HANDS: A Heuristically Arranged Non-Backup In-line Deduplication System

Published as Storage Systems Research Center Technical Report UCSC-SSRC-12-03.

Abstract

Deduplication on is rarely used on primary storage because of the disk bottleneck problem, which results from the need to keep an index mapping chunks of data to hash values in memory in order to detect duplicate blocks. This index grows with the number of unique data blocks, creating a scalability problem, and at current prices the cost of additional RAM approaches the cost of the indexed disks. Thus, previously, deduplication ratios had to be over 45% to see any cost benefit. The HANDS technique that we introduce in this paper reduces the amount of in-memory index storage required by up to 99% while still achieving between 30% and 90% of the deduplication of a full memory-resident index, making primary deduplication cost effective in workloads with a low deduplication rate. We achieve this by dynamically prefetching fingerprints from disk into memory cache according to working sets derived from access patterns. We demonstrate the effectiveness of our approach using a simple neighborhood grouping that requires only timestamp and block number, making it suitable for a wide range of storage systems without the need to modify host file systems.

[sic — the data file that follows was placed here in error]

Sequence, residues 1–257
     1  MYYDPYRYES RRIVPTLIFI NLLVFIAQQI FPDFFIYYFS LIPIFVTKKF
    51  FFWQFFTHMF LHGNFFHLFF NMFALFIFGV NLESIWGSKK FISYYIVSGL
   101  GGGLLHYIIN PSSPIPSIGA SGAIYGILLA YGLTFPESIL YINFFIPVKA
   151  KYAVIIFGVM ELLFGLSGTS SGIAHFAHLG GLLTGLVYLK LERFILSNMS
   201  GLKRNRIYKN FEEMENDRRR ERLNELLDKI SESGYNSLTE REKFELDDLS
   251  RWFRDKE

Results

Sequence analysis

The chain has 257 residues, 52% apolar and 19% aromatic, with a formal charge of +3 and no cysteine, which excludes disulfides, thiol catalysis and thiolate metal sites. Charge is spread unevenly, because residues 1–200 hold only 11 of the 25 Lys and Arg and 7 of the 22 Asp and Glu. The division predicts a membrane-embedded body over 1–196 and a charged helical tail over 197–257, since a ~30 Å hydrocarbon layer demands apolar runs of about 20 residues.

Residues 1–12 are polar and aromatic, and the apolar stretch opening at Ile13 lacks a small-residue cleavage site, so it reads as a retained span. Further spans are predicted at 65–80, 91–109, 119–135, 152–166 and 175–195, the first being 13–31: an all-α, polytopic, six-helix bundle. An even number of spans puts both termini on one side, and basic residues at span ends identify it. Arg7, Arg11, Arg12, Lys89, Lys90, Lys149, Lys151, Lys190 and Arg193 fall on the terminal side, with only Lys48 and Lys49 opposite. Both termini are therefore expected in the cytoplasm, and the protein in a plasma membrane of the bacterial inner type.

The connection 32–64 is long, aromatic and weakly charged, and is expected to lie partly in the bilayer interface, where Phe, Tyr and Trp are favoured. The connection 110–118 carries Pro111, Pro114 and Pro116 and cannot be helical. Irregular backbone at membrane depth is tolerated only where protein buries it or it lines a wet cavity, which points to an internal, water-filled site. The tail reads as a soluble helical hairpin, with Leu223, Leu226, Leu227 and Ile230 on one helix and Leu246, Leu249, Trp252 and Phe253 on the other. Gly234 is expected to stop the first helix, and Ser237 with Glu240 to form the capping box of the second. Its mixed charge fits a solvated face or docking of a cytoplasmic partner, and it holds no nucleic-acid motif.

Publication date:
March 2012

Authors:
Avani Wildani
Ethan L. Miller
Ohad Rodeh

Projects:
Archival Storage
Deduplication
Prediction and Grouping

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Bibtex entry

@techreport{wildani-ssrctr-12-03,
  author       = {Avani Wildani and Ethan L. Miller and Ohad Rodeh},
  title        = {HANDS: A Heuristically Arranged Non-Backup In-line Deduplication
System},
  institution  = {University of California, Santa Cruz},
  number       = {UCSC-SSRC-12-03},
  month        = mar,
  year         = {2012},
}
Last modified 7 Mar 2012